Children are at higher risk for getting the flu because their immune systems are not fully developed. If your host child gets sick, always ask your host parents before giving any medications to the children. There are strict guidelines for dosages and they MUST be followed. Never give aspirin to children or teenagers who have the flu. Giving aspirin to children with the flu can cause a rare but serious illness called Reye’s Syndrome. Read ingredient labels on over-the-counter medications carefully to ensure they do not contain aspirin.
The Suffolk County Cluster of Au Pair in America decorated HELP Suffolk Homeless Shelter for the holidays! They transformed the recreation room into a WINTER WONDERLAND filled with snowflakes suspended from the ceiling, 2 snowpeople and some cheerful packages on the walls! The decorate the holiday tree, too! The residents and staff were thrilled with the results!!
HELP Suffolk is a 76-unit transitional housing facility for homeless families housing a maximum of 100 adults and 200 children at any given time. Units are available for people with disabilities.
HELP Suffolk is the largest housing facility for the homeless on Long Island. The complex sits on seven acres of property and consists of four residential buildings, a community building, two playgrounds and a baseball field.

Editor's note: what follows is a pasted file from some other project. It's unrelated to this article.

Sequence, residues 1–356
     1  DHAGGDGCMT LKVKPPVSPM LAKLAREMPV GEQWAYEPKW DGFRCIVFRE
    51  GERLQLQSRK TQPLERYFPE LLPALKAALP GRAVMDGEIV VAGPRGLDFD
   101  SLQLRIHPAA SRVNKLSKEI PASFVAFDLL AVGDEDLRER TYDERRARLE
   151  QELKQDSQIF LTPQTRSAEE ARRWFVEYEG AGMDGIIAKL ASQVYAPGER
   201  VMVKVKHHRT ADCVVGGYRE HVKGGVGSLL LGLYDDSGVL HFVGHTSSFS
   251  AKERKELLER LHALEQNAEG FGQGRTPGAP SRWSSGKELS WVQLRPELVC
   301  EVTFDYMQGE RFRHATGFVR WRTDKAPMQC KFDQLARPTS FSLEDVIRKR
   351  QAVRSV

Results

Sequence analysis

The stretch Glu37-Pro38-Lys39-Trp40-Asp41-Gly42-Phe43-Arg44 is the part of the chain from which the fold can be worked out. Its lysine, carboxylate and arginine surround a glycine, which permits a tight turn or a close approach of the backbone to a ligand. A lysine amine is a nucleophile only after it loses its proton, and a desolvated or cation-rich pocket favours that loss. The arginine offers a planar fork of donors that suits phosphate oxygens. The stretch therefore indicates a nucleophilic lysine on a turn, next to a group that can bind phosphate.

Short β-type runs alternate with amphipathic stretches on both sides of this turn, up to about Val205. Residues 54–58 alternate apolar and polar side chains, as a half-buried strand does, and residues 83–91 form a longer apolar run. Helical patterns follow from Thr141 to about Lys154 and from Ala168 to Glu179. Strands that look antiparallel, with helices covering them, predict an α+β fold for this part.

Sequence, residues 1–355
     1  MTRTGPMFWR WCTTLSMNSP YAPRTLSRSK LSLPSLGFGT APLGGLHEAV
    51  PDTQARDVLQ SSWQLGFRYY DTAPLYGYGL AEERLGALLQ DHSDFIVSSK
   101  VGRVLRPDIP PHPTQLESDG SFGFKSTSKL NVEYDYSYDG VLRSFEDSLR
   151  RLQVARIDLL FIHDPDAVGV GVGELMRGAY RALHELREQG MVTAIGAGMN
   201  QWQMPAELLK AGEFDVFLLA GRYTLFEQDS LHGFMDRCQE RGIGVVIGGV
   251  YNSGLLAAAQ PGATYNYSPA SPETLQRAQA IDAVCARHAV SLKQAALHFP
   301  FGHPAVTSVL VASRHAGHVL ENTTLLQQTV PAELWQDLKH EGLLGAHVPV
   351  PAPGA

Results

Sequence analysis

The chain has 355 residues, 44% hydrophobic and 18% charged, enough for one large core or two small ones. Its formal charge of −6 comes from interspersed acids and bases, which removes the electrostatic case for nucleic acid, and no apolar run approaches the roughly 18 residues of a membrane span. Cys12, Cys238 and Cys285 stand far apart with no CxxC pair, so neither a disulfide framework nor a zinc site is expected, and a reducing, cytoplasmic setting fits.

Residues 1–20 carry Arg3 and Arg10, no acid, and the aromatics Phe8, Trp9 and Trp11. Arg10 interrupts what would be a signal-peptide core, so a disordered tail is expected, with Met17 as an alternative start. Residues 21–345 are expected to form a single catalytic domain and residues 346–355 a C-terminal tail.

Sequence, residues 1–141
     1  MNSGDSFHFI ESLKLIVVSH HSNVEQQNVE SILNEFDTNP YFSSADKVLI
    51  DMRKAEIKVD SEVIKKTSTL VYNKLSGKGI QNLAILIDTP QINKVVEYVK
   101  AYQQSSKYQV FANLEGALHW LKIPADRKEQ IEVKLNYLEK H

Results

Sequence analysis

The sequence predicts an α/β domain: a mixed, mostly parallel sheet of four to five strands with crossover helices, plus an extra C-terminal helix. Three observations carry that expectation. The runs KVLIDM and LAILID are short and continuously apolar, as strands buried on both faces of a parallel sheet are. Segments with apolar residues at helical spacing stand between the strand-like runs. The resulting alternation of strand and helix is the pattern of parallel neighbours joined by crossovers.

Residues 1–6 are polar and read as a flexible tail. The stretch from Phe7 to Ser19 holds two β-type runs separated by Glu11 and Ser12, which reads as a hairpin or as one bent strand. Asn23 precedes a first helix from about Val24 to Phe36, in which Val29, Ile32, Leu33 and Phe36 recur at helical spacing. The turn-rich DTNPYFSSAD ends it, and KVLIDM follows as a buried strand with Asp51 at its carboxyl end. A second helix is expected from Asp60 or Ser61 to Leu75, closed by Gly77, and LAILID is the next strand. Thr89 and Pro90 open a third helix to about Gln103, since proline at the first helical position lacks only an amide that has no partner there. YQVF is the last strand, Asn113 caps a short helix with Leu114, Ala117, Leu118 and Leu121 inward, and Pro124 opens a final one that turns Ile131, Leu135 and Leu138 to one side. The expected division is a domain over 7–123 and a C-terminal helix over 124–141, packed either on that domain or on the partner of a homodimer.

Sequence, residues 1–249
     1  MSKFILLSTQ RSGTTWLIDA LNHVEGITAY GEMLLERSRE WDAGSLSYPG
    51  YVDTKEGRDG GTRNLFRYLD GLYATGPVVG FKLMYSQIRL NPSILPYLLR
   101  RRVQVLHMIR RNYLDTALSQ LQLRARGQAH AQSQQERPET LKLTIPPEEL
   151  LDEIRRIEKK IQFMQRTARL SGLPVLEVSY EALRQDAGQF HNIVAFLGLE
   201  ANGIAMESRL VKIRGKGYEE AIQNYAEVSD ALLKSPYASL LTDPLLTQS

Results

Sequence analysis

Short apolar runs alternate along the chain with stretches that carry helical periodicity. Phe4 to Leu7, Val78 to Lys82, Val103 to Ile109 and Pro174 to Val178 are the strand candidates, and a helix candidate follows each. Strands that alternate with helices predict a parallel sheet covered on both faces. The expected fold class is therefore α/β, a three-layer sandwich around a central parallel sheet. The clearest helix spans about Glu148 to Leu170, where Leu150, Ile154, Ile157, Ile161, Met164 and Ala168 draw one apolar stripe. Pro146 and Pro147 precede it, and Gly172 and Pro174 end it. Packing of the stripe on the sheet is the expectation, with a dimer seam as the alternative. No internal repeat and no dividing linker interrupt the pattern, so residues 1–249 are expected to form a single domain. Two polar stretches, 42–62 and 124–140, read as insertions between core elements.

Since its inception in 1990, HELP Suffolk has served over 4,000 families and places approximately 60 percent of families into permanent housing.
The nation’s largest au pair agency celebrates the 25th anniversary of America’s legal au pair program by freezing their prices in 2011.
D-2010 –STAMFORD, CT – December 3, 2010 – To commemorate the 25th anniversary of the United States’ legal au pair program in 2011, Au Pair in America (www.aupairinamerica.com), the nation’s first au pair program, announced today that they will not increase their fees for a second straight year.
“We are delighted to offer families the high quality child care that has become synonymous with Au Pair in America at our affordable 2009 prices,” said Ruth Ferry, Sr. Vice President and Director of Au Pair in America. “We have been honored to work with the Department of State over the last quarter of a century to help the au pair program emerge as a child care solution for all types of American families.”